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Arithmetic puzzles are Mad Libs for math: fill in the blanks with numbers or operations to make the equation true.

\[ \large 1 \, \square \, 2 \, \square \, 3 \, \square \, 4 = 10 \]

There are \( 4^3 = 64 \) ways in which we can fill the squares with \( + , - , \times , \div \).

How many ways would make the equation true?

**Note:**

You are not allowed to use parenthesis.

Obey the order of operations.

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\[ \left(\color{green}{\square}5\right)^2 = \color{blue}{\square}25 \]

Each square above represents a positive integer. Let \(m\) and \(n\) denote the values that fill in the green and blue squares, respectively, satisfying the equation. Then what is the relationship between \(m \) and \(n?\)

**Details and Assumptions**:

- This is an arithmetic puzzle, where \( 1 \square \) would represent the 2-digit number 19 if \( \square = 9 \). It does not represent the algebraic expression \( 1 \times \square \).

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In the figure above, each letter represents a distinct single digit. They are positioned in such a way that \[ \large A\times B\times C=B\times G\times E=D\times E\times F. \]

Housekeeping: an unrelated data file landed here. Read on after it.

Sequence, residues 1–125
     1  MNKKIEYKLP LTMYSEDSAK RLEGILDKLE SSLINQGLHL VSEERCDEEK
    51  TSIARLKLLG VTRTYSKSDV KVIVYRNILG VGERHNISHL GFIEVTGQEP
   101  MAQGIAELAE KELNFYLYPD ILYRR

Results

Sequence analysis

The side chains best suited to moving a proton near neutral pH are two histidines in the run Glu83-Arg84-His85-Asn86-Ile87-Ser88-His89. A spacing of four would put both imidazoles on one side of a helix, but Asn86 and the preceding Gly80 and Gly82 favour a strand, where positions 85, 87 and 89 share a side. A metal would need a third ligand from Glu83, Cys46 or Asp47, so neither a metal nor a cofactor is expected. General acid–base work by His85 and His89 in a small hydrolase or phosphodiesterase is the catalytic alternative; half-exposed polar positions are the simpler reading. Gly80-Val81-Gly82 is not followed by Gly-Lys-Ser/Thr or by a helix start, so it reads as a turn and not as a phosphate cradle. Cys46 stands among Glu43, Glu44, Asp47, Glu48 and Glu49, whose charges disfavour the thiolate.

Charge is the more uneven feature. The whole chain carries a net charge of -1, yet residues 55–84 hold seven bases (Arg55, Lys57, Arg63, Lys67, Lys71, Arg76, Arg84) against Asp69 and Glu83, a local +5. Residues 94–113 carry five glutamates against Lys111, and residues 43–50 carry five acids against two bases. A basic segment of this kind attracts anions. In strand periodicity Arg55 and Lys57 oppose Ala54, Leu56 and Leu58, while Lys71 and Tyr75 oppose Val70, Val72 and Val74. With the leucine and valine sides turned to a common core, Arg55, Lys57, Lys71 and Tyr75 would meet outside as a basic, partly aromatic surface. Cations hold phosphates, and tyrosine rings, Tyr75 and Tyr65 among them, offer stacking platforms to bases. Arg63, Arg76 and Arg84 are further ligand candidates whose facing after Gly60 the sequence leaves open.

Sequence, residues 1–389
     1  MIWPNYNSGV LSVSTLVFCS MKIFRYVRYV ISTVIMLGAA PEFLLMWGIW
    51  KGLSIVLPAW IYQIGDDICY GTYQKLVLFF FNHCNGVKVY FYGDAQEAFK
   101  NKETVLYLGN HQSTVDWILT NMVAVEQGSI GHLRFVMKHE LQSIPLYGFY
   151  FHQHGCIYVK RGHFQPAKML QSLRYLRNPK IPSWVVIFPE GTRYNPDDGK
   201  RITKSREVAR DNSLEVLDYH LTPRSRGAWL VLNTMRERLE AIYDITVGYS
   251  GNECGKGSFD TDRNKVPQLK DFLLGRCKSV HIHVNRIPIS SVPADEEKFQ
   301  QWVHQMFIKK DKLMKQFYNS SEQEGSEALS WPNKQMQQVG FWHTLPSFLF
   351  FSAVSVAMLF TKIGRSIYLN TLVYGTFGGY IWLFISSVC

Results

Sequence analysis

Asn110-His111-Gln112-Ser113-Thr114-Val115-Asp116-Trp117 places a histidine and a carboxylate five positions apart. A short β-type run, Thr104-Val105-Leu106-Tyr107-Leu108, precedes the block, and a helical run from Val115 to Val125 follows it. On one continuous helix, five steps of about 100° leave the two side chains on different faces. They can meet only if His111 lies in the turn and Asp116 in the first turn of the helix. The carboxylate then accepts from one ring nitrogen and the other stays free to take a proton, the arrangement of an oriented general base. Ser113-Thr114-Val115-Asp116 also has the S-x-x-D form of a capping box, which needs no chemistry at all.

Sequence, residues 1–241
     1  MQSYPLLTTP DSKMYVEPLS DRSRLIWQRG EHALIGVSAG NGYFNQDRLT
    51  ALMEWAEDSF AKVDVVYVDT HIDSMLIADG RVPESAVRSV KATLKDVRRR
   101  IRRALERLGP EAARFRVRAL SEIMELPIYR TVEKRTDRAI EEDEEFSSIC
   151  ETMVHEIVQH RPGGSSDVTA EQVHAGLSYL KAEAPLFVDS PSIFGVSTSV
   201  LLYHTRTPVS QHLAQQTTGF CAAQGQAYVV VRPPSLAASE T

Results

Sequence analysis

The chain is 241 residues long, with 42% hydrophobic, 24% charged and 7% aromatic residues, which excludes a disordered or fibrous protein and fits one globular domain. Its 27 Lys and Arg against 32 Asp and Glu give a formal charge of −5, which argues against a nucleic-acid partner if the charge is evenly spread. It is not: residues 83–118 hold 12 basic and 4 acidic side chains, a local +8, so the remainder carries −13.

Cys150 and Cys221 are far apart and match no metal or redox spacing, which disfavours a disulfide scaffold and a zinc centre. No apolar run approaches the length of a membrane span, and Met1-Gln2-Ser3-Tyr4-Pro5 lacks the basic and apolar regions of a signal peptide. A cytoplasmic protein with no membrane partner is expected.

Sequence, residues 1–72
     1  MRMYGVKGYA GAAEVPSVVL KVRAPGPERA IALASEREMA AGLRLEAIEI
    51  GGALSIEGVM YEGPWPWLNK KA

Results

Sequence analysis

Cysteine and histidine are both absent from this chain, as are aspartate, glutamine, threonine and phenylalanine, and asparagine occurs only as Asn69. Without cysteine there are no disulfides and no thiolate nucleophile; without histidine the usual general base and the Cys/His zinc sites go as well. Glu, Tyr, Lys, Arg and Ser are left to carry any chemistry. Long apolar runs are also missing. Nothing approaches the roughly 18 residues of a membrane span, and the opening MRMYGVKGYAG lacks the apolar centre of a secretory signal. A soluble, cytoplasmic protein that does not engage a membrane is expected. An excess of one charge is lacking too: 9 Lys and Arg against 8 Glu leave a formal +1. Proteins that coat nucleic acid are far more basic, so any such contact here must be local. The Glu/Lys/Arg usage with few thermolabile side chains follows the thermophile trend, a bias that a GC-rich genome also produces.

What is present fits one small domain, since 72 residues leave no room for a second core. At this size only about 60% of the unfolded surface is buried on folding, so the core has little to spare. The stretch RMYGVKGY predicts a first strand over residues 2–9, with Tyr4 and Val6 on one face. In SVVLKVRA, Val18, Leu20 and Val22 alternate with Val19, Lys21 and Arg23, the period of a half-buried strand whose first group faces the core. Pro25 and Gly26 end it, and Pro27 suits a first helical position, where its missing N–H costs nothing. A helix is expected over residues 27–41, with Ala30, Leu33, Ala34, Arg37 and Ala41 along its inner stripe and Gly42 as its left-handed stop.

What digit does the letter \(G\) represents?

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\[ \large \square + \square\square+\square\square\square+\square\square\square\square \]

Place each of the digits 0 through 9, without repetition, in the boxes above. Then what is the **maximum** possible sum?

**Details and Assumptions**:

- This is an arithmetic puzzle, where \( 1 \square \) would represent the 2-digit number 19 if \( \square = 9 \). It does not represent the algebraic expression \( 1 \times \square \).

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\[ \LARGE \square^{\square^{\square^{\square}}} \]

You are given that the numbers \(1,2,3,4\) are to be filled in the square boxes as shown above (without repetition). Of all \(4!=24\) possible arrangements, find the total possible arrangements of these numbers such that the resultant number is a minimum.

**Details and Assumptions**

As an explicit example, a possible value of the resultant number is \(\large 2^{3^{1^4}} = 8 \).

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